My mother was a selfish, alcoholic serial cheater who drove my dad into such sheer heartbreak and depression that one day he just up and forgot the past five years of his life and came down the stairs two years after the divorce to ask me why I looked so old and where my mother was. I was 13. It took him several hours to revert back from his momentary amnesia, and he was never the same after. And yet my mother will insist that the problems with the relationship and the subsequent divorce were entirely his fault.

She was crazy. And the number of angry, violent fights I witnessed in the years leading up to the divorce grew in number and craziness throughout. I wish, I wish so dearly, that they had divorced years earlier, at the first sign of trouble, and that he hadn't tried so desperately to do anything in his power to keep her in his life because he was so completely in love with her. But that didn't happen, and I got to witness all the terribleness that came with them trying to "work it out no matter what."

And yeah, the years following of trying to decide where to go for the holidays and switching between houses and schedules and rules every Sunday and eventually having to decide to stay the hell away from my batshit crazy mother as often as possible weren't fun, either. But I knew then, at age 11, and I know now that it was a much, much better choice. There are no easy answers in this, and nothing about this sort of situation is black and white no matter how many people may try to claim otherwise.

Ziggy
06-07-2010, 12:03 AM
So I'm the only one envious of Tessa? :-)

Of course I'm envious of her having a bite of that beefy hunk. :swoon:

euterpe
06-07-2010, 12:08 AM
Obviously, if one of the spouses is an alcoholic, divorce would be FAR better for the child than the parents sticking it out together. Children of an alcoholic parent carry emotional baggage throughout their lives.

That wouldn't seem to be the case for S/P's child. In any case, the child is too young to know the difference between a home with two parents vs a home with one. But with both parents traveling all the time to skate, the child won't exactly have a "normal" home life anyway....

Prancer
06-07-2010, 12:12 AM
And for those who seem to be advocating staying together for the sake of the child - It's much healthier for the child if they're not witnessing Mummy and Daddy being put out with each other ( or worse ) all the time.

Maybe; maybe not. Much depends on whether the child DOES see the parents being put out with each other all the time.

Going by many of the reactions in this thread, you'd think that there were two kinds of marriages--happy ones and ones where people fight all the time while their children are torn apart by the anger. But there's an awful lot of ground in between; I believe there are studies that indicate that most marriages that end in divorce (roughly two thirds) are actually low-conflict marriages in which one or both parties were more dissatisfied than angry. And in those instances, divorce is indeed very hard on the child, and it is not necessarily better for the kids if the parents divorce.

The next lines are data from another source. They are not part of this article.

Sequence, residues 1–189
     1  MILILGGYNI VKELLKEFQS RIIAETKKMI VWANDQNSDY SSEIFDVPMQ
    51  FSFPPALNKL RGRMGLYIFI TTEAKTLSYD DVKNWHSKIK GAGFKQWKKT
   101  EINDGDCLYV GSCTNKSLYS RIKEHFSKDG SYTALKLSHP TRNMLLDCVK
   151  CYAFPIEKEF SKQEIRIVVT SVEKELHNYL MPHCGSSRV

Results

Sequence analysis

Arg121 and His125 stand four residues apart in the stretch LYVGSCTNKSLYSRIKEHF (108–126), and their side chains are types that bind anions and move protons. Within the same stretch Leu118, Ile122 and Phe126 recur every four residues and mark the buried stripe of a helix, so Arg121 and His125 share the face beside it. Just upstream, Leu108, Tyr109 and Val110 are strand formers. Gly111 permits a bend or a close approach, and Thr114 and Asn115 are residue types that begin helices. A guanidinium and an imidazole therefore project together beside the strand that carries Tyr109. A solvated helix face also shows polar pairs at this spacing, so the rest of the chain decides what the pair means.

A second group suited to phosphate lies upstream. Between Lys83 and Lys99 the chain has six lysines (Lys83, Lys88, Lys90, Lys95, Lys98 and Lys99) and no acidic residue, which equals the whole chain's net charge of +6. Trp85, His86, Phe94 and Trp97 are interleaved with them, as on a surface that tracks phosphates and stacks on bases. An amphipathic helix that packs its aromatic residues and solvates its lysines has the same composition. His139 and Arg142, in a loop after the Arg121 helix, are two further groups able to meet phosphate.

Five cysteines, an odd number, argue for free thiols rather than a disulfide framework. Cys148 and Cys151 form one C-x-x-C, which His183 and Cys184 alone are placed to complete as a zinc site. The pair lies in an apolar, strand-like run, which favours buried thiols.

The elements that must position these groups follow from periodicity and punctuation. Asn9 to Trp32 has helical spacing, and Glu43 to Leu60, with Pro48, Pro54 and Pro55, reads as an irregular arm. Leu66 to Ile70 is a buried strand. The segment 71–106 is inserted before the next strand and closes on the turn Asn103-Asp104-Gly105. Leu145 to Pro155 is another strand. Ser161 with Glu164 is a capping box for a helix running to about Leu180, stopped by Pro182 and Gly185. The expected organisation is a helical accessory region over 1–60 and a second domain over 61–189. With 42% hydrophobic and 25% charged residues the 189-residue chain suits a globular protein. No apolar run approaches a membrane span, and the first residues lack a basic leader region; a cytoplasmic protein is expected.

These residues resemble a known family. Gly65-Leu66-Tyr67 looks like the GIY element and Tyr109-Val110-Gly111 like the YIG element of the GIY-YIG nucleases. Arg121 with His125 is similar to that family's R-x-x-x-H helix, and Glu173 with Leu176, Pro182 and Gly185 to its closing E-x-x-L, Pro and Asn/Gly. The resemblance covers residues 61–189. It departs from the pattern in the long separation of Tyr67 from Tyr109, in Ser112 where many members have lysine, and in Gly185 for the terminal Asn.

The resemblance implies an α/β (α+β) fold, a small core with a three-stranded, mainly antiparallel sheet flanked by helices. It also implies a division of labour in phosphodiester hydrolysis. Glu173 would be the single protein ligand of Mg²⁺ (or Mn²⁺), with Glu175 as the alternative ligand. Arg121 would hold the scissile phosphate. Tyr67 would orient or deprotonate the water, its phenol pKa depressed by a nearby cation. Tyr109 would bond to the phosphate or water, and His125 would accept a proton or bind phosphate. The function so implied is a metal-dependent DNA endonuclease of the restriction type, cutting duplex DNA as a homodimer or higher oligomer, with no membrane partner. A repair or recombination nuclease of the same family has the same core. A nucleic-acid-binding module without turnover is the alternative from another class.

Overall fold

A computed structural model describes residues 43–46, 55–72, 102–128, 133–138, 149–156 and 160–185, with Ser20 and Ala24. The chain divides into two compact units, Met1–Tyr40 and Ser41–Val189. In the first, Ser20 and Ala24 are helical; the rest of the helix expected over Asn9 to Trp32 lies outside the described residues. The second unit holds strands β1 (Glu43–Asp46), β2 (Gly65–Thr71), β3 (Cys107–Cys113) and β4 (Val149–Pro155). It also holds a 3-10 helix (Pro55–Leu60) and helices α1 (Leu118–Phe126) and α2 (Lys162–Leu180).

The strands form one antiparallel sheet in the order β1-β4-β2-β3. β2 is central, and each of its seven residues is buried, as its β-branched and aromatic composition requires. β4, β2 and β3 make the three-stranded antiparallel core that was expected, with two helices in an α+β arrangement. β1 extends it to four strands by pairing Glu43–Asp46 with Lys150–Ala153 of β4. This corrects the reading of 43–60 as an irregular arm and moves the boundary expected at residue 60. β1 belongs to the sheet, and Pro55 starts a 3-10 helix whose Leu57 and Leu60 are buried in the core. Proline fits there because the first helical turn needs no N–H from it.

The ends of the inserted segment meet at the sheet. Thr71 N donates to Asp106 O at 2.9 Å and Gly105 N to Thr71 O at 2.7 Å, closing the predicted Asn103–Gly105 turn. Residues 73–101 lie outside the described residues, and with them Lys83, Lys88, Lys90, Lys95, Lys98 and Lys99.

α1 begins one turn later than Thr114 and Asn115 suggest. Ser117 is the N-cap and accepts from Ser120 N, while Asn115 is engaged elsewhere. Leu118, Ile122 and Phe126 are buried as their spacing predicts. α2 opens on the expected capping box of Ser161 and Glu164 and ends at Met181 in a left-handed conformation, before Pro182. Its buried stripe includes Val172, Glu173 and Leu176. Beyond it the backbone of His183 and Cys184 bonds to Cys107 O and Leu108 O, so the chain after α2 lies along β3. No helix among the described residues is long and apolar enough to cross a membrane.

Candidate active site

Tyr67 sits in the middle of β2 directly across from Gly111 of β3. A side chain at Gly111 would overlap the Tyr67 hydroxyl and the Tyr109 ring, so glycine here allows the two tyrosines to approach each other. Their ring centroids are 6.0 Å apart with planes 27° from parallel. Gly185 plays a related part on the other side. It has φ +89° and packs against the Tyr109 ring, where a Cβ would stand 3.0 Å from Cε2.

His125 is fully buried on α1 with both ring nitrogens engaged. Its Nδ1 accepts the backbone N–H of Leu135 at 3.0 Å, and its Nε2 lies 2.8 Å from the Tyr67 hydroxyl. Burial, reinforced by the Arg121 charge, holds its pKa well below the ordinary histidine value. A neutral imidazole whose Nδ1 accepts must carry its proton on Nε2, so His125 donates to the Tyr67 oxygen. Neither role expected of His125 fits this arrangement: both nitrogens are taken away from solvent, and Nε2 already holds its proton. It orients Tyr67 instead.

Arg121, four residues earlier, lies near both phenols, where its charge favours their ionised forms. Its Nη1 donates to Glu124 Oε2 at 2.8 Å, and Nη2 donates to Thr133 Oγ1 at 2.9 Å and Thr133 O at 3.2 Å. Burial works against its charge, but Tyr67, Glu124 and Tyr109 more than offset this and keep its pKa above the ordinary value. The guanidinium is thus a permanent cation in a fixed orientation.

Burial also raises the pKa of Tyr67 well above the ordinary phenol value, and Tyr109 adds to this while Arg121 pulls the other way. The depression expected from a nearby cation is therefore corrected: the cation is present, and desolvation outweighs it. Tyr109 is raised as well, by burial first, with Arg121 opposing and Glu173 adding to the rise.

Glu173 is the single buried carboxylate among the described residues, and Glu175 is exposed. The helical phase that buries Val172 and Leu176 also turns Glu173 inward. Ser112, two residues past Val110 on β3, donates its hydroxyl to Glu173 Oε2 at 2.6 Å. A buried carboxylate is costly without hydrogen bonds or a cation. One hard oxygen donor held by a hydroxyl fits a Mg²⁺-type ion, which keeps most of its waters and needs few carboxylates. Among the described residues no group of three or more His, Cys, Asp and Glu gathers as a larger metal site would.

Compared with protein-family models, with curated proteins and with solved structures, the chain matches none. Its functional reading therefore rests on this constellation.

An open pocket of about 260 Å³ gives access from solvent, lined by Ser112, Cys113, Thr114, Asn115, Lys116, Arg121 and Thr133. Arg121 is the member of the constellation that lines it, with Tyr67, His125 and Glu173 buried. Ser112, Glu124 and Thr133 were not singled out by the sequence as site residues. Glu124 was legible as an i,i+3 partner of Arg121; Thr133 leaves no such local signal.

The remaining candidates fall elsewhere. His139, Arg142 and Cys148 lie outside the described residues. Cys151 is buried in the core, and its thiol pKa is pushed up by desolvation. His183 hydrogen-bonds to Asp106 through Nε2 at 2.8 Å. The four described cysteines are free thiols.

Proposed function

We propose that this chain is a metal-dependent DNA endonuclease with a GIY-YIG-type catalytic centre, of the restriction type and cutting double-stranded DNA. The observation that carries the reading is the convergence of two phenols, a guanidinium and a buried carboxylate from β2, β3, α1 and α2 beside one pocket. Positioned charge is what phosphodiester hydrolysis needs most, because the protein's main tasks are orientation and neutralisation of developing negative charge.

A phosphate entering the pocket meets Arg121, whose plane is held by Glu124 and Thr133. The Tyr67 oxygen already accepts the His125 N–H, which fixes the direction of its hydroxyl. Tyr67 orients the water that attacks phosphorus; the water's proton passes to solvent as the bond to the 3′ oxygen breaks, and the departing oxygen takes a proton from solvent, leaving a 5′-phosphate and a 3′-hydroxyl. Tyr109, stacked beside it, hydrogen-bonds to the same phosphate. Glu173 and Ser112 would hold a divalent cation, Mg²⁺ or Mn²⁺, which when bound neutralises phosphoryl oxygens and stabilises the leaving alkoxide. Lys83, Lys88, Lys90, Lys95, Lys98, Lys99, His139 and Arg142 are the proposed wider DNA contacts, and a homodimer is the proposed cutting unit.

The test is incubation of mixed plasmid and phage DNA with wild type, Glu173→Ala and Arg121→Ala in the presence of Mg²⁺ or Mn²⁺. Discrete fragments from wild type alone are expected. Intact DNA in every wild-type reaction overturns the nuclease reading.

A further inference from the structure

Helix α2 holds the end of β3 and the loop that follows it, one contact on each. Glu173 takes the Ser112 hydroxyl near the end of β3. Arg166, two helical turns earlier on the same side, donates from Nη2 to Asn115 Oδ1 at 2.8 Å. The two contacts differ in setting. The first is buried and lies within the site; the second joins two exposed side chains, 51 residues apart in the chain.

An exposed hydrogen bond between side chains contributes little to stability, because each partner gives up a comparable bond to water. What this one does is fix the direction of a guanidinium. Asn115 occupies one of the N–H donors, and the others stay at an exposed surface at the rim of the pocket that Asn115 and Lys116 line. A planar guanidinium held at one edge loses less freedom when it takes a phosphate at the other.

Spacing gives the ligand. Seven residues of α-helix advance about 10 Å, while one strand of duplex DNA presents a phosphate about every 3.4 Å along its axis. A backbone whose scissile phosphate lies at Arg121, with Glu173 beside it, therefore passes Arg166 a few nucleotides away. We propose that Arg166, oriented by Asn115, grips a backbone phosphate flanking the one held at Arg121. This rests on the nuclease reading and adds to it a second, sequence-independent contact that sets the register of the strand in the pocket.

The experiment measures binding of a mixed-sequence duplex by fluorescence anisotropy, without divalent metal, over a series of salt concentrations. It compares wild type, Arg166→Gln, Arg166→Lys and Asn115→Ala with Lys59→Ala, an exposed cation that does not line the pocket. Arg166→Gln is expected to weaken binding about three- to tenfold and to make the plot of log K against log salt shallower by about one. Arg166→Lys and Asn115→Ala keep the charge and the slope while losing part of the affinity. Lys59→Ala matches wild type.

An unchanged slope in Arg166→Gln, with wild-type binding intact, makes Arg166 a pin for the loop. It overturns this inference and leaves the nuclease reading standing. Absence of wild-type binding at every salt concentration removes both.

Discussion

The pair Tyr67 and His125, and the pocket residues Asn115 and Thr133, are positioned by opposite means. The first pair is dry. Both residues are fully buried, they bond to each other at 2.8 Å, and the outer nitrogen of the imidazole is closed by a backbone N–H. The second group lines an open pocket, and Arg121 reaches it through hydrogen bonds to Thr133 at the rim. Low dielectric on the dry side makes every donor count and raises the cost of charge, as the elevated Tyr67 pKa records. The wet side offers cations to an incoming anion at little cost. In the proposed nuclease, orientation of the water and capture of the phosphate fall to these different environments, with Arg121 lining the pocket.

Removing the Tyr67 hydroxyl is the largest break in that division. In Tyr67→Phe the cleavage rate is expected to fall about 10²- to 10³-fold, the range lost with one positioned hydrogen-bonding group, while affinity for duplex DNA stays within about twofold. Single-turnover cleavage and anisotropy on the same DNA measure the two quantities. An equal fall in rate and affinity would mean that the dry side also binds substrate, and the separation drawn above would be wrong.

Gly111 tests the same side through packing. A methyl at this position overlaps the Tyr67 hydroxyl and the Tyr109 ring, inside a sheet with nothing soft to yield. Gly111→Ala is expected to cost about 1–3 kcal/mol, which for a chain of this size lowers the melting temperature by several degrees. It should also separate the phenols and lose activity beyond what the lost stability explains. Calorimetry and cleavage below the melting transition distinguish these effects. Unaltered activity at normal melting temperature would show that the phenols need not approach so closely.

http://www.utexas.edu/features/2006/divorce/index.html

If the parents are hostile to one another, then yes, it's healthier for the children if the marriage ends--IF that puts an end to parental conflict. If it continues, there isn't much difference except that exposure level is usually lower. But children of low-conflict divorces actually appear to have more longterm problems than do children from low-conflict homes where the parents stay together in spite of not being happy. This is well documented if you care to look it all up.

I have no idea what level of conflict Jamie and David experience and my point really isn't about them, but is more about this rather glib "It's better for the kids if the parents divorce," because there's quite a bit of evidence that this isn't necessarily so.

Pratfall
06-07-2010, 12:17 AM
Michi - Brave of you to post that.

I was going to say, for every son or daughter who regrets their parent divorce, there's probably another who thinks it was the best thing that could have happened . And how sad for the ones who have to say, "You stayed through that misery for my sake ?",and sad for the parents who caused such guilt ...

Prancer..yours is the point I was originally trying to make.I was reacting to the instantaneous, Poor little boy ! why can't hey try to make it work for his sake ?' We have no idea what their situation is. It's not necessarily a disaster for the little boy , and it's not necessarily a piece of cake either. Maybe this is their best attempt at making something work. Obviously when even J & D's careers center around their partnership/relationship this isn't a moment's whim. Good luck to them ( sincerely ), I hope they can make it work.

Wyliefan
06-07-2010, 12:26 AM
Good points, Prancer. There's a lot more nuance to these situations than we realize sometimes.

MacMadame
06-07-2010, 12:27 AM
Actually, I believe what was reported on FSU earlier this year was that they were separated, not divorced, and that we wouldn't hear about it for a while.

There are other places where skating rumors exist besides FSU. ;)